If you booked it before vista was tm'ed or announced I guess you're home free.
In fact, by booking the .net instead of coming after you for the .com just shows they don't have much of a case. (Then again, being MS maybe they're building a case!).
If they file a trademark, file an injunction. If you can prove prior IPR it just might work..
Though it would totally depend on your usage of the domain till date...
Don't forget that in the good old days before Google everyone used AltaVista for searches.
I can't see Microsoft trying to claim that domain name..
[QUOTE=mwzd]If you booked it before vista was tm'ed or announced I guess you're home free.
If bad faith is established, then you are not home free. Though intention cannot be proved, if it is established you participated in unfair business practices, then expect to lose the domain.
So usage is very important and you are never home free... just wanted to clear that up.
Now, if the domain is used and has been used for a noncompeting service (I seriously doubt it used as a OS site before Vista came along), then thye cannot prove bad faith intentions and cannot prove bad faith usage. You may want to check the 1378 hits in the USPTO database for Vista, plus the unregistered Vista TMs I think we are beyond challenging lol..
Thanks for the replies.
I have no intention of using the domain for an OS site. When I registered it I wanted to have a site with information (related to the word XYZ) or sell it (since the name really is a nice brandable name) if I got a good price. Nothing has been done as to the plans of developing it or selling it. It has just been lying there with a private registration, so even if somebocy wanted to buy it they would have had a hard time finding me.
As for the word vista, it is not something MS put together. It is a dictionary word. I have other domains with vista, also registered long before MS Vista was announced. Vista is in fact a nice word, and in my (humble) opinion, Microsoft spoilt it by calling their OS Windows Vista.
I dont think they can prove any bad faith from my side, after all nobody knew that they were going to call the then Longhorn OS, Vista. And also as I understand the TM Microsoft holds is for the entire name i.e Windows Vista.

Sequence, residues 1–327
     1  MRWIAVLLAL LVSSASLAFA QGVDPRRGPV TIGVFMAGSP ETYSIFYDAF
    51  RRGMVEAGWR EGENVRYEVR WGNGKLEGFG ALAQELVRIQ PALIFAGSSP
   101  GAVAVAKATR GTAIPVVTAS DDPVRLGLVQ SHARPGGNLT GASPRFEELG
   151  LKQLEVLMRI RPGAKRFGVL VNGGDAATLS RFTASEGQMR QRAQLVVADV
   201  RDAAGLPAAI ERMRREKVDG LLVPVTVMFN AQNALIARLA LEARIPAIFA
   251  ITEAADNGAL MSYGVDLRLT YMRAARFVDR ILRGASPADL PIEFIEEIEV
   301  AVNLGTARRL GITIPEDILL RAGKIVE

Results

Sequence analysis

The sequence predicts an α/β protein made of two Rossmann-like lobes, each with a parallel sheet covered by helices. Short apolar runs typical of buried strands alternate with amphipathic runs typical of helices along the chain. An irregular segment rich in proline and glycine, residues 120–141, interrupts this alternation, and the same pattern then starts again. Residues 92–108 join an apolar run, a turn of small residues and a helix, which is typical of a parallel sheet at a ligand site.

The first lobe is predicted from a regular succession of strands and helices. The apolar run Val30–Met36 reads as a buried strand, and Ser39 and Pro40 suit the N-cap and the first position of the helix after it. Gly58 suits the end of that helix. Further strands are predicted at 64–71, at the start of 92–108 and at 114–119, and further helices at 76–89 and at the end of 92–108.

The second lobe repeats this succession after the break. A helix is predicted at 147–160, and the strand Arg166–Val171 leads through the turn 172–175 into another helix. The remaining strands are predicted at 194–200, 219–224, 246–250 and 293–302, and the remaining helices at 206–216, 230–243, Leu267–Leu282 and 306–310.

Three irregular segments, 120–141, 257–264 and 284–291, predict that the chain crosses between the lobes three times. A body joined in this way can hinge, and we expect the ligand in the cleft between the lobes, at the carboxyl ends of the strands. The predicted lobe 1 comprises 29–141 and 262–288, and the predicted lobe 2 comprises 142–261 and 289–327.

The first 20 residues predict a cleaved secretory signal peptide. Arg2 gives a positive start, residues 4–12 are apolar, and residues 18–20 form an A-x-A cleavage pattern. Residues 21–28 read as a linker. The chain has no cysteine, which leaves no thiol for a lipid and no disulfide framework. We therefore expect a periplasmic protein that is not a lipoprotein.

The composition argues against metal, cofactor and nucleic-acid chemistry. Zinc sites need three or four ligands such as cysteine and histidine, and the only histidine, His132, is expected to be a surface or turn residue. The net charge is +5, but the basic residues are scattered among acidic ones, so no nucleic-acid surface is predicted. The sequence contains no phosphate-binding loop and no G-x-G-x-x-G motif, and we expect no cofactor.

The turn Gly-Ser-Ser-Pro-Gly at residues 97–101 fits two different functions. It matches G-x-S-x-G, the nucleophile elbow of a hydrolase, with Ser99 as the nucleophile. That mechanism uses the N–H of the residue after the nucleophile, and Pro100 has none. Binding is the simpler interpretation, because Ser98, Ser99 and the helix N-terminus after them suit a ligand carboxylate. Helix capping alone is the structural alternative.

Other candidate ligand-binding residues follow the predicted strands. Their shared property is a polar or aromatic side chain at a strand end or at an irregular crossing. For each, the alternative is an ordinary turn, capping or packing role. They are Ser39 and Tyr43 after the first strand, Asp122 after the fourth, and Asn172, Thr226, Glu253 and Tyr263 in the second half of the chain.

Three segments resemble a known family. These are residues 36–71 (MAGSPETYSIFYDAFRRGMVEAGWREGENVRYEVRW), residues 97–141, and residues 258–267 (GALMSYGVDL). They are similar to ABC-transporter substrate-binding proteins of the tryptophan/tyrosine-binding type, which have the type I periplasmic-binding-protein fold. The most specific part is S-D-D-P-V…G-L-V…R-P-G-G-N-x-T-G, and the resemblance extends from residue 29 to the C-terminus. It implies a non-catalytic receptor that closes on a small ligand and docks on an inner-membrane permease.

They might trademark XYZvista, but then I can claim that I had this domain before their TM, and that I dont intend to use it for an OS site; and really I dont...
Ms didn't make up "Windows" either. And Apple, Champion, Cheer were not made up from the companies that have registered marks on them.
So right now, from your statements, you have whois protection and the domain is passively held. So basically, you greated no interest in the domain (which is criteria #2, Do you have rights to the domain, right now the answer is no). If it is something you want to develop, then develop it, created the rights to the name adn protect yourself.
As I stated before, if they prove unfair business practices, it is not good for you. Be proactive, nt reactive. And since you posted, it seems you may be worried about it. It is very easy to find you if there is a challenge to this domain, unless you have fake whois data...
Thanks again for answering DNQuest.
I agree completely on your point as to the rights to use the trademark names you mention. But my point is XYZvista is not a registered trademark yet.
I have no fake information on WHOIS. Why should I do that? (In reference to fake information, I really can't understand why and how people do it. You have to pay for the domain, and that means you are using your credit card. This again means that the registrar has all the information they need.... and I dont see the point in having fake information ie a fake owner for something I own. And if you really make a sale you will have to prove that you are the true owner.
The reason for having a private registration is that some people appreciate their privacy. And I am one of them.
DNQuest wrote: ''And since you posted, it seems you may be worried about it''. Well, yes and no. Who is not ''worried'' if Microsoft is after their domain? lol. If I am worried then it is because I don't want to waste time with unnecessary legal issues. If it comes to that they will have a hard time getting the domain from me, and I think they have a weak case or rather no case at all.